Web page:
Mental Health First Aid comes to refugee service providers

November 3, 2017

Ahmed al-Zubidi, a caseworker with refugee resettlement at Catholic Charities, knows when his clients are suffering, even if they don’t want to tell him. They isolate themselves, unable to leave or even clean their homes. But when he suggests they talk to a mental health specialist, many recoil.

“The feeling may be that the community will judge them, or they feel shame to say, ‘I have this problem,’” he said this week during a Refugee Mental Health First Aid course, offered by the Multnomah County Health Department in partnership with the federal Office of Refugee Resettlement.

One client went to see a counselor, but denied having any anxiety or depression, al-Zubidi told the group.  “After two sessions he didn’t continue,” he said. “Because he pretends he doesn’t have these problems, the doctor says, ‘we can’t help.’”

Al-Zubidi offered the example during the free workshop, which focused on how to help refugees better their manage mental health -- and identify the risk factors and warning signs around depression, anxiety, trauma and other issues that can affect refugees differently. He was joined caseworkers, experts, community members and Multnomah County staff.

Eugene Sadiki monitors patients with tuberculosis and visits local shelters to screen guests as part of Multnomah County’s Communicable Disease Services team. He said he regularly sees symptoms of depression and anxiety in his clients. 

Esther Lugalia works in facilities at Multnomah County’s Department of Assets. In her free time she volunteers with the African Women’s Coalition. She also sees it. “Even me, being from Kenya, we have so much stigma around mental health and when I saw this training I’m like, ‘We need this big time,’” she said. “People don’t want to talk about it, so I want to learn ways to address it.” 

Some immigrant communities experience many of the same traumas as refugees, and those who live without legal immigration status have experienced continued stress on a low-boil for months. Terese Rios Campos is a community health worker with the County who organizes outreach and education for Spanish-speaking communities in Wood Village. Rios lives within blocks of hundreds of clients she serves, and Spanish-speaking residents often turn to her for help.

Parangkush Subedi, a health program analyst with the Division of Refugee Health at the Department of Health and Human Service

When news of immigration raids hit the community, she began coordinating gatherings where people could share stories, ask questions and learn how to protect their families. The Wood Village Baptist Church hosted immigration lawyers who spoke to families about crafting emergency deportation plans. In those plans they in decided who would care for children if, one day, they don’t come home.

“There was a lot of crying,” Rios said. “There’s a lack of hope because immigration was out there several times. They continue to be fearful.”

Participants learned about risk factors that may be specific to refugee clients, including gender.

“Refugee women tend to have a higher level of accumulated trauma than men,” said trainer Parangkush Subedi, a health program analyst with the Division of Refugee Health at the Department of Health and Human Services in Washington D.C. “It is the women of the family who witness their husbands being arrested and tortured, or killed, or they’re raped.”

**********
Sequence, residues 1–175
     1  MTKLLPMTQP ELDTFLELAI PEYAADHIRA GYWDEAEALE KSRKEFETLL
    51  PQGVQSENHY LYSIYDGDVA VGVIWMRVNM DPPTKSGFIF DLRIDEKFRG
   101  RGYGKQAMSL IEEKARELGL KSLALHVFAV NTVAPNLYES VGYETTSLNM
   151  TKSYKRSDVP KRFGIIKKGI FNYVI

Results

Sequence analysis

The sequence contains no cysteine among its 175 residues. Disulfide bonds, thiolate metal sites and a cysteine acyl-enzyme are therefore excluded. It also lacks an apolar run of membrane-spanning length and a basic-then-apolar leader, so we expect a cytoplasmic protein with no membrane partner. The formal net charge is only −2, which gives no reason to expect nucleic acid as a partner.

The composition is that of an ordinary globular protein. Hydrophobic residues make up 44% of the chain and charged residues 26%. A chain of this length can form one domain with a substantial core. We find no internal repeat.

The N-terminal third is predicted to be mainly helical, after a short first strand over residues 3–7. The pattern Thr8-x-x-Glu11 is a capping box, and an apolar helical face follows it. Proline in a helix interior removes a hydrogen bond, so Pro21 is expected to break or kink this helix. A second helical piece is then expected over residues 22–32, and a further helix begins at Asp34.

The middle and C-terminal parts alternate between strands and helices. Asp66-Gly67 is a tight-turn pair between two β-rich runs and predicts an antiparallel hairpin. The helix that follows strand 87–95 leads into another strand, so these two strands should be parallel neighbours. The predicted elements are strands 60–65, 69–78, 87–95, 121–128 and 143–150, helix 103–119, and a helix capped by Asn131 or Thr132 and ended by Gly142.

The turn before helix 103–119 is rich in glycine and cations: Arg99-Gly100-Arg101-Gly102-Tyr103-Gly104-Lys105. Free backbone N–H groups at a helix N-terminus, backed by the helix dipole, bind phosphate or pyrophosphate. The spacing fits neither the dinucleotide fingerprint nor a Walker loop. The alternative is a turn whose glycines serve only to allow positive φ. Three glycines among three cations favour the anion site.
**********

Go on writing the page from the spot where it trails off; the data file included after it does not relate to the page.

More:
Education level can be another risk factor, for those who come with advanced degrees from licensed professions. Subedi earned his master’s in microbiology before coming to the United States as a refugee. He took a job stocking the mini-bar in rooms at an Atlanta hotel. Then he pumped gas. 

“If they were high in education, they were a lawyer or a doctor or a professor, then suddenly they have to start all over again,” he said, “This makes people highly stressed.”

Subedi suggested informal settings and casual seating that’s not directly face-to-face could help clients feel more comfortable when they talk about mental health.

“Sometimes refugees don’t want to talk in a formal setting,” he said. “They can get flashbacks of incidents. They can get retraumatized.”

Subedi recommended that when providers want to talk about mental health, they should begin by earning trust. Begin with casual conversation in a comfortable setting of the client’s choice — perhaps it’s a coffee shop, a park, the person’s own home.  “But don’t start right off. Create a foundation,” he said. “When you meet someone, create a foundation before you jump to the real topic.”

Charlene McGee, refugee health coordinator for Multnomah County, said the workshop generated so much interest the added additional days both in Portland and Salem, an area resettling an increasing number of refugees. More than 100 participants, from social and health services, programs such as the Boys and Girls Club, and City of Portland

“There was an overwhelming response,” she said. “It was a busy week, but it was one of these weeks that I could say, ‘you know, I’m doing the right job.’”

That response spurred McGee to begin planning a broader series of health and social service workshops in 2018 for refugee service providers.

“This is a unique population that requires special skills and understanding. It’s a specialized way of delivering care. How we look to customize the care we give to refugees, the same as we do for the homeless population and foster youth? It’s about really striving to move away from that one-size-fits-all model, and looking at how we give that customized care.”